Research Update: United States of America Long-Term Rating Lowered To 'AA+' On Political Risks And Rising Debt Burden; Outlook Negative
· S&P lowered their long-term sovereign credit rating on the United States of America to 'AA+' from 'AAA' and affirmed the 'A-1+' short-term rating.
· S&P also removed both the short- and long-term ratings from CreditWatch negative.
· The downgrade reflects S&P's opinion that the fiscal consolidation plan that Congress and the Administration recently agreed to falls short of what, in their view, would be necessary to stabilize the government's medium-term debt dynamics.
· More broadly, the downgrade reflects S&P's view that the effectiveness, stability, and predictability of American policymaking and political institutions have weakened at a time of ongoing fiscal and economic
challenges to a degree more than we envisioned when we assigned a negative outlook to the rating on April 18, 2011.
· Since then, S&P has changed their view of the difficulties in bridging the gulf between the political parties over fiscal policy, which makes S&P pessimistic about the capacity of Congress and the Administration to be
able to leverage their agreement this week into a broader fiscal consolidation plan that stabilizes the government's debt dynamics any time soon.
· The outlook on the long-term rating is negative. S&P could lower the long-term rating to 'AA' within the next two years if they see that less reduction in spending than agreed to, higher interest rates, or new fiscal pressures during the period result in a higher general government debt trajectory than they currently assume in their base case.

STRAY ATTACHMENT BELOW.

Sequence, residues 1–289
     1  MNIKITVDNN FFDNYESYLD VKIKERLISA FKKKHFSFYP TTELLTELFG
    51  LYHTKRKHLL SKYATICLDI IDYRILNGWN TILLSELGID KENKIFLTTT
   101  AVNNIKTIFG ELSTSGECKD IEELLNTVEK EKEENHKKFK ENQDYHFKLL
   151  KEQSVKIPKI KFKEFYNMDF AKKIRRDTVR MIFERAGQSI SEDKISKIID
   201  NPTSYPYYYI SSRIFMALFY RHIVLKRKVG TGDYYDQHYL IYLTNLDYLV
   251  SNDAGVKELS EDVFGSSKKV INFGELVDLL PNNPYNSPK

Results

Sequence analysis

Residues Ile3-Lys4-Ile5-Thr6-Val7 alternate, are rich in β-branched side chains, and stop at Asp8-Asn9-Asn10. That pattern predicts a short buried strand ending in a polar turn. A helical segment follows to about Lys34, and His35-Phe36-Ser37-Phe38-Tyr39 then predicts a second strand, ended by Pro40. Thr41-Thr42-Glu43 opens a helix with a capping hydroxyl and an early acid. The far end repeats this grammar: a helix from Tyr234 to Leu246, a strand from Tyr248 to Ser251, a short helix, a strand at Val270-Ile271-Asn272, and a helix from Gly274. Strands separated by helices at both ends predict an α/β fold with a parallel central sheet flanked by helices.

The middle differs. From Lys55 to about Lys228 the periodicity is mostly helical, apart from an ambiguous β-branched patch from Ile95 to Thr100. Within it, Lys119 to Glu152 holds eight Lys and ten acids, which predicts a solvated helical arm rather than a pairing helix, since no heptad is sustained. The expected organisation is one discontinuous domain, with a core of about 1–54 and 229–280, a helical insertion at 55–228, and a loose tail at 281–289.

On Aug. 5, 2011, Standard & Poor's Ratings Services lowered its long-term sovereign credit rating on the United States of America to 'AA+' from 'AAA'.
The outlook on the long-term rating is negative.
S&P Rationale & Comparison To Other Sovereigns
When comparing the U.S. to sovereigns with 'AAA' long-term ratings that we view as relevant peers--Canada, France, Germany, and the U.K.--we also observe, based on our base case scenarios for each, that the trajectory of the U.S.'s net public debt is diverging from the others. Including the U.S., we estimate that these five sovereigns will have net general government debt to GDP ratios this year ranging from 34% (Canada) to 80% (the U.K.), with the U.S. debt burden at 74%. By 2015, we project that their net public debt to GDP ratios will range between 30% (lowest, Canada) and 83% (highest, France), with the U.S. debt burden at 79%. However, in contrast with the U.S., we project that the net public debt burdens of these other sovereigns will begin to decline, either before or by 2015.(Standard & Poor's)